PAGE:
In Ecology without Nature, Timothy Morton argues that the chief stumbling block to environmental thinking is the image of nature itself. Ecological writers propose a new worldview, but their very zeal to preserve the natural world leads them away from the "nature" they revere. The problem is a symptom of the ecological catastrophe in which we are living. Morton sets out a seeming paradox: to have a properly ecological view, we must relinquish the idea of nature once and for all.
Ecology without Nature investigates our ecological assumptions in a way that is provocative and deeply engaging. Ranging widely in eighteenth-century through contemporary philosophy, culture, and history, he explores the value of art in imagining environmental projects for the future. Morton develops a fresh vocabulary for reading "environmentality" in artistic form as well as content, and traces the contexts of ecological constructs through the history of capitalism. From John Clare to John Cage, from Kierkegaard to Kristeva, from The Lord of the Rings to electronic life forms, Ecology without Nature widens our view of ecological criticism, and deepens our understanding of ecology itself. Instead of trying to use an idea of nature to heal what society has damaged, Morton sets out a radical new form of ecological criticism: "dark ecology."
Rigorous and unsettling, Timothy Morton's book is a vividly realized critique of the political and ethical meanings of "place" and "space." Steeped in philosophical and literary history, Ecology without Nature is a profoundly convinced and convincing intervention, calling as it does for a more intellectually robust and politically supple environmentalism, one much better suited to the realities of twenty-first-century life. A more thoughtful reflection on the future of dwelling together in a vulnerable world would be hard to find.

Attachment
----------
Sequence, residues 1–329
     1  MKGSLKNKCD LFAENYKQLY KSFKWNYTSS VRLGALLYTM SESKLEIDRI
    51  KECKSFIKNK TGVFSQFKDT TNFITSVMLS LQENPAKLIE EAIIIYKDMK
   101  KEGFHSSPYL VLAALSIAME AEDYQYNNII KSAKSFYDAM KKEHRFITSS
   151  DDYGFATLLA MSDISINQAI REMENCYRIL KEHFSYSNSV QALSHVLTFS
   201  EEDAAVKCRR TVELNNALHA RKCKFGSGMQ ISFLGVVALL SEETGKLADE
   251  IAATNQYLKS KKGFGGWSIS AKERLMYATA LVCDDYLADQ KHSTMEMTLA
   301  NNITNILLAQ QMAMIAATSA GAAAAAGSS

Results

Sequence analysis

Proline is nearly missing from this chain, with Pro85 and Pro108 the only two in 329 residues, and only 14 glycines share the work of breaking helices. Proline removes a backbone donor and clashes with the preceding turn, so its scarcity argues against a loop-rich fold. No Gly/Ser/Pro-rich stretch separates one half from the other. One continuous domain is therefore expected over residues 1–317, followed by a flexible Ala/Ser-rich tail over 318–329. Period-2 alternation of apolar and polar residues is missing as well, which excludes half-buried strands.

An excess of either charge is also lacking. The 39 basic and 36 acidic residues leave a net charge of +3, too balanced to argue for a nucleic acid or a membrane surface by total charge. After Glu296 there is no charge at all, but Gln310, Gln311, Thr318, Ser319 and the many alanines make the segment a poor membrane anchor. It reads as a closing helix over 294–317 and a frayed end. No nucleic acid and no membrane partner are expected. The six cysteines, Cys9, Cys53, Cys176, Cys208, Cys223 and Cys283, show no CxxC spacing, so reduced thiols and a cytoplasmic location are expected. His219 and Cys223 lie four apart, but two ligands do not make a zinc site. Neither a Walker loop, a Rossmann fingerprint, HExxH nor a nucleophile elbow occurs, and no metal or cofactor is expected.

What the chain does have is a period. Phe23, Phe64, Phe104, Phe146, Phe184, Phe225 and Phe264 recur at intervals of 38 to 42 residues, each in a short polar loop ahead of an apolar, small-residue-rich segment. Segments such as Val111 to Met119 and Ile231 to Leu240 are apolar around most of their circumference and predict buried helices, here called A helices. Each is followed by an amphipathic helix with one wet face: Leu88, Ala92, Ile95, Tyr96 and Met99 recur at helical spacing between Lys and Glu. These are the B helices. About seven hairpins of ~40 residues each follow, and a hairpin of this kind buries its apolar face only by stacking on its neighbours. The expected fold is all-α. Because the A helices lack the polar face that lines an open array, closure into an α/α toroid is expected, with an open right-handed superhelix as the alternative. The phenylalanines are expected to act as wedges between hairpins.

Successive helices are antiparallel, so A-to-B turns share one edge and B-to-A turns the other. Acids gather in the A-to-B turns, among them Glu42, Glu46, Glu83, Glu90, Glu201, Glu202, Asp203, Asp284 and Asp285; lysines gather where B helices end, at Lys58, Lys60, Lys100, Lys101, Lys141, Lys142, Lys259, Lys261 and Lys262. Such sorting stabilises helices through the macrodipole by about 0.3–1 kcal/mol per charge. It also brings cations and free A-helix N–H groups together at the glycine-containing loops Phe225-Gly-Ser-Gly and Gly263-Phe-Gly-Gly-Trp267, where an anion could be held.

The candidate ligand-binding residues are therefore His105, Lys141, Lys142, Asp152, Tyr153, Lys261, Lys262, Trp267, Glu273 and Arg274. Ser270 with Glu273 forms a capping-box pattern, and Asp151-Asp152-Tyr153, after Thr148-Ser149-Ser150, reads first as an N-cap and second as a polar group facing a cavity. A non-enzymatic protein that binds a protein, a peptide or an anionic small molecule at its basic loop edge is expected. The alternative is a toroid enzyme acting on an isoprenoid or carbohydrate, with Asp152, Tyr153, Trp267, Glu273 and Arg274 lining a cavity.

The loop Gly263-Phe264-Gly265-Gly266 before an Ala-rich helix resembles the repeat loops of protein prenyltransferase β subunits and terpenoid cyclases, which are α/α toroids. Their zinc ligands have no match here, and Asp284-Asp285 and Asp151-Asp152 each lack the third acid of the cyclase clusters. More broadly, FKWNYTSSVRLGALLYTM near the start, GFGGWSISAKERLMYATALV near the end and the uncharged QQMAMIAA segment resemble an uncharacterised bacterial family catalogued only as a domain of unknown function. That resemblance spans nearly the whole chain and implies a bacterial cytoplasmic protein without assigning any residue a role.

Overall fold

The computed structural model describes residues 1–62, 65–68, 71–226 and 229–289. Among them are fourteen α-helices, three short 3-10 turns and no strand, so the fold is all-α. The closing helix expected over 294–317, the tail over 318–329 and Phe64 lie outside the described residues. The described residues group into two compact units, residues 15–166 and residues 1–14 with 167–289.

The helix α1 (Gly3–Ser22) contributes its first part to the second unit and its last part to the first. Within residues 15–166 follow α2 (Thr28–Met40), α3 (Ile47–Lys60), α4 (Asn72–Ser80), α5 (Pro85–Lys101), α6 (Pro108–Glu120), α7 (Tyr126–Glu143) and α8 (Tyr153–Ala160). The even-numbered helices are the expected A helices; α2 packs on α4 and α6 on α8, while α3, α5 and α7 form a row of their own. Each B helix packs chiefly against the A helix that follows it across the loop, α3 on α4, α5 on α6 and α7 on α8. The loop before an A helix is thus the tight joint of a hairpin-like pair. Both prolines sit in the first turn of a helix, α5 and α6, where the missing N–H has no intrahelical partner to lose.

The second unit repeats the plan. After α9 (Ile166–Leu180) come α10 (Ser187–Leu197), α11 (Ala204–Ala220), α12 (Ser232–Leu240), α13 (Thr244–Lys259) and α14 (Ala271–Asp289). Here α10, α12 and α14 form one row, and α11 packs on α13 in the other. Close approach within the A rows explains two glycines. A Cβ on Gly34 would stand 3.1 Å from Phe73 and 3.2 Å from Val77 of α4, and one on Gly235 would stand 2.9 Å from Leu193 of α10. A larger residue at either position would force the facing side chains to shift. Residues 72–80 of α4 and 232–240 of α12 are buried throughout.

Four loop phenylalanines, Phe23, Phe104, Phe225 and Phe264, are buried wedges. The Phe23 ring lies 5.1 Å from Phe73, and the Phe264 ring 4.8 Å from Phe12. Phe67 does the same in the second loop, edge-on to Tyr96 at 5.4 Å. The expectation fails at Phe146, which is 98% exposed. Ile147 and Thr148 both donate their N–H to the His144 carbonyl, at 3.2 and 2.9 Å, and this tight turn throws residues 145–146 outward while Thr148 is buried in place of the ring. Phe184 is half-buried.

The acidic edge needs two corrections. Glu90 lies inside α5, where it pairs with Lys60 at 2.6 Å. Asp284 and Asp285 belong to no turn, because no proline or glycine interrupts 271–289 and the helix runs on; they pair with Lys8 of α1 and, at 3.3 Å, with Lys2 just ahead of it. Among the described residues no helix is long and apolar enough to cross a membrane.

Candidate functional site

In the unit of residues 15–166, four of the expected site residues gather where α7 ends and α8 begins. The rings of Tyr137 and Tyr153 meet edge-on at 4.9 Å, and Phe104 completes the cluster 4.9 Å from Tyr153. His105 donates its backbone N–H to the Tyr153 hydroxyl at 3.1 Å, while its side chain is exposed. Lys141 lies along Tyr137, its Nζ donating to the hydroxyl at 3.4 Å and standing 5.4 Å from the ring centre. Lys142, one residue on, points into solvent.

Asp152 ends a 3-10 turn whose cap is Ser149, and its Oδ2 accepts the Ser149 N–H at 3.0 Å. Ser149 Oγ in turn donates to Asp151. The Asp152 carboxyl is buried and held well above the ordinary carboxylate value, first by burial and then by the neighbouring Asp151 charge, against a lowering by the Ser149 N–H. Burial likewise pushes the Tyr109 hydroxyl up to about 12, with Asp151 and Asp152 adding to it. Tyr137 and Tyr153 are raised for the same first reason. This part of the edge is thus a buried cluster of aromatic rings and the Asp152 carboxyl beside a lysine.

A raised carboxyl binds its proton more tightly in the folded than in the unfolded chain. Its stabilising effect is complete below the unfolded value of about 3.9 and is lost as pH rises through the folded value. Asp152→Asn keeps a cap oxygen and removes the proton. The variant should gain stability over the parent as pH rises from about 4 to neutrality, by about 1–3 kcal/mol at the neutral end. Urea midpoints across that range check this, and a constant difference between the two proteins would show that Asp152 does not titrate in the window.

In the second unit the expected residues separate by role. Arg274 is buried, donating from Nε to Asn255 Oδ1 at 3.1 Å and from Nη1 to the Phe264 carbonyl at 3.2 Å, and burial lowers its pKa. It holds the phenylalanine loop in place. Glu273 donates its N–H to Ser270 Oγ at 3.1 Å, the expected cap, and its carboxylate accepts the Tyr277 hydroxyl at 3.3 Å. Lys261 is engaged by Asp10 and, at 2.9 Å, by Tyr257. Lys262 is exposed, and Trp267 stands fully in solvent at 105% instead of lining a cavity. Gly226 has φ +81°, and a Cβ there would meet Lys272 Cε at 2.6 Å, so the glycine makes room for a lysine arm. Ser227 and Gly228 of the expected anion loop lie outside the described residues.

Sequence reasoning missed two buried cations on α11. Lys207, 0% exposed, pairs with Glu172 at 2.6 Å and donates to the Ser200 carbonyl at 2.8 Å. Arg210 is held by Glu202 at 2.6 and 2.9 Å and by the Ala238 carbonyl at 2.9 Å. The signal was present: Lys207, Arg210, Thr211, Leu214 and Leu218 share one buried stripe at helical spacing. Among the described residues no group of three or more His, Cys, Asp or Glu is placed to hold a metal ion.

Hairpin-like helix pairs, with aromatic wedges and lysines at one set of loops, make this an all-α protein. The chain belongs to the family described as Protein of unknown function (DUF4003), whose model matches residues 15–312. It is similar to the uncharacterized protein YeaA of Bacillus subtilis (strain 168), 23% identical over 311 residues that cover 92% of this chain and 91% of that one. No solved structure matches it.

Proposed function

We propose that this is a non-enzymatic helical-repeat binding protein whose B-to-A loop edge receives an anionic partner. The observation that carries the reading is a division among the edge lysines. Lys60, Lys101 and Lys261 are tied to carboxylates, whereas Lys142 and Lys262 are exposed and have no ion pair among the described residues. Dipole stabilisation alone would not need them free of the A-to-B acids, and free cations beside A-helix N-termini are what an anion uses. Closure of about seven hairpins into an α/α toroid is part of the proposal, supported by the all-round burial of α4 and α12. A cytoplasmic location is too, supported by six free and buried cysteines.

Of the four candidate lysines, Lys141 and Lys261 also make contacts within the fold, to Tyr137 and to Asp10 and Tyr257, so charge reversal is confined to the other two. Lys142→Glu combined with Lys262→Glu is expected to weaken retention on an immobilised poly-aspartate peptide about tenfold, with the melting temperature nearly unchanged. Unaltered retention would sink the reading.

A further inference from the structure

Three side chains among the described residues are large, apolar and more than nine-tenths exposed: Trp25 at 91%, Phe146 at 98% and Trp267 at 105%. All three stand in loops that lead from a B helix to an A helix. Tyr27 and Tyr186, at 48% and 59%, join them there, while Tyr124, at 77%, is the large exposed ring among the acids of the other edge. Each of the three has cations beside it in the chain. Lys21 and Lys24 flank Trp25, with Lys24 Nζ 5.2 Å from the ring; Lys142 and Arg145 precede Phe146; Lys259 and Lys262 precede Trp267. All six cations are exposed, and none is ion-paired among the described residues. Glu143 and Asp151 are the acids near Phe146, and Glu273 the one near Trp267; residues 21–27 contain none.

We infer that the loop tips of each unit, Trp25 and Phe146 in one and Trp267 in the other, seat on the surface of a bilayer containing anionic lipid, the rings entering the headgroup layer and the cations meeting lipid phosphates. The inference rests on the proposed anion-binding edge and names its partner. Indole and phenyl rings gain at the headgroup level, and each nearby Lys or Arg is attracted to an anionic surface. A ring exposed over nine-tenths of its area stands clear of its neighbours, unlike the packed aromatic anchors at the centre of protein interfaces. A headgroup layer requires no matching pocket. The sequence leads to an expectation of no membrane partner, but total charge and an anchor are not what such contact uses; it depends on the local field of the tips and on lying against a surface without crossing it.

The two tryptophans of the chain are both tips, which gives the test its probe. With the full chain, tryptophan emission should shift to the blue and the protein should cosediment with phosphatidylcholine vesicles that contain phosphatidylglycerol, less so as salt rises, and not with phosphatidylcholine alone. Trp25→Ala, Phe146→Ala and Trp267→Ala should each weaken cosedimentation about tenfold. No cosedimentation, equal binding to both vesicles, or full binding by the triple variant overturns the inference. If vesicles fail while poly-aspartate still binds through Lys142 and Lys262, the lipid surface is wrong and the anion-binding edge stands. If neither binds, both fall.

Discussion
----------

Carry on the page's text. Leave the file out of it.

Morton demonstrates that because most ecocriticism assumes nature/environment as a concept, most ecocritics perpetuate the assumptions of the literature that they purport to critique. He argues that nature is an arbitrary rhetorical concept whose modern origins can be traced to Romantics writing during the Industrial Revolution--essentially, that ecocriticism fetishizes "nature." He contends that a "really deep ecology" would let go of the idea of nature because it marks the difference between "us" and "it." Drawing on writers from Adorno to Zizek, and considering literature and art from the 18th century to the present, Morton offers a complex, important, and often playful argument that lays the groundwork for new directions in ecocriticism.
We’re in the sh**. We have to face it and learn to live with it. That’s a basic idea in dark ecology, which Timothy Morton outlines in his book Ecology Without Nature...Dark ecology has a realistic take on the human state without resorting to false optimism or fatalistic tones of apocalypse. It also requires people to take control, and not lay down in the mud with blind faith of staying above the surface without ever drowning. When we realise our connection to the rest of the world, we understand that our actions reflect all life on the planet...Dark ecology has the potential to be the punk rock or experimental pop of ecological thinking. Or even the death metal, since it shares a goth sensibility that focuses on the dark.
Ecology Without Nature offers original and important critiques of ecocritical theory, in particular through its analysis of the legacy of Romanticism and the paradox of dualism that pervades much ecological writing. Its occasionally irreverent style and embrace of kitsch make it an enjoyable read, even when the associationist organization and technical terminology require the reader to slow down. However, this slowing down is exactly what Morton recommends for ecocritics as we enter the twenty-first century and the increasingly urgent demands of “this poisoned ground” where Morton calls us to stand.
- 264 pages
- 6-1/8 x 9-1/4 inches
- Harvard University Press
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